I like Ubuntu, I even got used to Gnome, though I changed the theme on the first two machines.
Maybe it is time to take a look at OpenSuse again.
Oi! OSS Projects
Stop using stupid names, it makes you look unprofessional and inhibits the uptake of OSS, especially in big business.
YaST (Don't call your own package awsome)
Yum (how are you supposed to know what that does?)
Gimp (nuff said)
My SQL (sounds rather toytown)
Qt (it's not Quicktime, don't use their initials)
Also, why is yet another installer actually needed? It is this sort of fragmentation of linux that makes it hard to uptake, when there are different commands and different file structures on each distro it just makes it more daunting for the newbie.
Yes, but will my Intellimouse work?
I've tried several distros of late and would love to switch over to one as my default OS. Unfortunately I keep coming up against the same problem - I can't get my Intellimouse explorer (with the extra back / forward buttons) to work!
No amount of googling and file editing has resolved this, so I end up thinking 'God, if it's this hard just to get a couple of buttons working, anything remotely advanced must be a nightmare' and go crawling back to M$ within a few hours.
More drivers please people!
Never noticed much of an El Reg bias against FOSS - have you listened to the OSS podcasts with people like Shuttleworth contributing etc. etc.?? They piss everyone off equally and don't suffer fools gladly - it's their job!!
They just tell it how they see it and allow us to comment if we don't agree. Seems fair enough to me.
@Jason, @Oi OSS Projects
All I can tell you is that Broadcomm is now in the Linux kernel and that that it worked out of the box for a Dell on openSUSE 10.3
@Oi OSS Projects
YaST has been part of SUSE since at least 6.1 (start of my usage, about 10 years ago) at that time Linux was more about Unix than it was about Joe User, and continued an in-joke "Yet another"* Now it's just the control centre for openSUSE. Do you confuse/irritate the user base by renaming it or do you wait for new users (in KDE, anyway) to click on "computer" -> "administration" -> "software" and then not notice the tool is called YaST?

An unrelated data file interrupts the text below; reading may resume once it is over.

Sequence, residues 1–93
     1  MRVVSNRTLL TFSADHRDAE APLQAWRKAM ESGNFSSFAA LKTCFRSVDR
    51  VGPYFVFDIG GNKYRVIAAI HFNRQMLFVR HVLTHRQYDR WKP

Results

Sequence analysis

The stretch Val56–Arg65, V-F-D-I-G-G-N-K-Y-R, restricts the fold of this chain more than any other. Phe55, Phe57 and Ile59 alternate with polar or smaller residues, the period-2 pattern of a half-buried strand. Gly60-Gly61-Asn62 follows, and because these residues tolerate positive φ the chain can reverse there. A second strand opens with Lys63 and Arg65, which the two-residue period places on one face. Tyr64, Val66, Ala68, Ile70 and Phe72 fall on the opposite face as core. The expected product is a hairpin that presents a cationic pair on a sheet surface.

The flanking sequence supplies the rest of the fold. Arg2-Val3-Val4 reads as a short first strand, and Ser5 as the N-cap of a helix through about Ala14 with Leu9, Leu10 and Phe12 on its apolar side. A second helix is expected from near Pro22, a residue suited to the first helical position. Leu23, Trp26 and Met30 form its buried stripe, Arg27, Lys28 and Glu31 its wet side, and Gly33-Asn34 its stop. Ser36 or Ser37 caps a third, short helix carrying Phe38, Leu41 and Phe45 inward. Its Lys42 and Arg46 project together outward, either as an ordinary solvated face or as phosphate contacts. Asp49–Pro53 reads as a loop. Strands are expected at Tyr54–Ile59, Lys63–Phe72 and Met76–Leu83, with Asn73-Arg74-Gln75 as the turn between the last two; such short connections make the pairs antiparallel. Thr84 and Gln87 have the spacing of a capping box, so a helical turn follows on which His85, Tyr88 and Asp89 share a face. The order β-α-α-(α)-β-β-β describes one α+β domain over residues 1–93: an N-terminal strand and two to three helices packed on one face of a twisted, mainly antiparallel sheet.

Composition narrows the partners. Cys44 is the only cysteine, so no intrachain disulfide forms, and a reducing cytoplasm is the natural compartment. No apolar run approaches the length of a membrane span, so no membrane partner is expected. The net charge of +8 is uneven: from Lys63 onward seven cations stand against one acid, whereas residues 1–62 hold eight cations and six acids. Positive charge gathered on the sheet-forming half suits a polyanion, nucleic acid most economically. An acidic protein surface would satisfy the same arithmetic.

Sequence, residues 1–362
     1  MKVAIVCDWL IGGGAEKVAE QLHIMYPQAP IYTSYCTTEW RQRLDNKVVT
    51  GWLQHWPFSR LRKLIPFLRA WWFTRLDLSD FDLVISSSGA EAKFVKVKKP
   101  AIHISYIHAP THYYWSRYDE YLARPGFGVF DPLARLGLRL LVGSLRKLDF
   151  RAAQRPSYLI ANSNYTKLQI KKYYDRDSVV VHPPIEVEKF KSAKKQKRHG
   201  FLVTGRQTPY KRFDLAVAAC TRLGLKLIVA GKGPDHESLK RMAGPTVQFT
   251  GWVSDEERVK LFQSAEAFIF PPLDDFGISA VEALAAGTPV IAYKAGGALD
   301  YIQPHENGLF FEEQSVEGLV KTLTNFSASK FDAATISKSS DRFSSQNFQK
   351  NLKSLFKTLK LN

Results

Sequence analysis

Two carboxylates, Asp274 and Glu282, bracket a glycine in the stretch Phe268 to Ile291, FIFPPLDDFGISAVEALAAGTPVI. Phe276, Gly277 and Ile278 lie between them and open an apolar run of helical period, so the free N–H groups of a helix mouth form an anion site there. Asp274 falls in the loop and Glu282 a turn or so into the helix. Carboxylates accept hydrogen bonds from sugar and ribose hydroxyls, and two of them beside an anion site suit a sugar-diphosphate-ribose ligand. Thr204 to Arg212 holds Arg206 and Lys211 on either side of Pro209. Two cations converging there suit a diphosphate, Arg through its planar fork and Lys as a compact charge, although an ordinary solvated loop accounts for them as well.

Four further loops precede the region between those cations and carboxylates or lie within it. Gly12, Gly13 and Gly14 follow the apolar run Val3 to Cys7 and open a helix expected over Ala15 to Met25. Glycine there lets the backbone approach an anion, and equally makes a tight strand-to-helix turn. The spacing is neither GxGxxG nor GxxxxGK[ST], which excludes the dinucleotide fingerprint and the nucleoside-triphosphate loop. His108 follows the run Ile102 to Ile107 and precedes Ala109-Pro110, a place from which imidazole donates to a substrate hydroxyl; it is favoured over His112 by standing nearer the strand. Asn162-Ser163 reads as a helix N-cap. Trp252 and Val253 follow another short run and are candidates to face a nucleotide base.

*as a search on Google with Unix and "yet another" reveals.
@ Paul McHugh
I don't know anything about the intellimouse but I do know about an online article dated 2005
So if this really is the only blocker, and you really have used a distro since Slackware 2.0, you might find that looking there gives you what you need (or, I imagine, use any distro released since 2006).
Actually we are a huge Novell customer and we try to avoid SuSE as much as possible. We have even gone as far as installing SuSE10, installing <novell product>, then ripping off the binaries and required libs and run it on CentOS.
YaST (not sure the version but it seems to reappear every now and then) has a documented bug (with Novell support) that if you just start YaST and do not change ANYTHING it will sometimes overwrite your custom changes. This is why we rename the yast binaries on all out SuSE boxen. Red Hat ditched Linuxconf years ago for this same reason.
YaST needs to die, it is bloated and buggy and a steaming pile of crap!
Check the context next time you see the word 'freetard' in a Reg article. I think you'll find it has little to do with FOSS. Also I think you mistake El Reg's anti-useless-pish bias for an anti-OSS bias.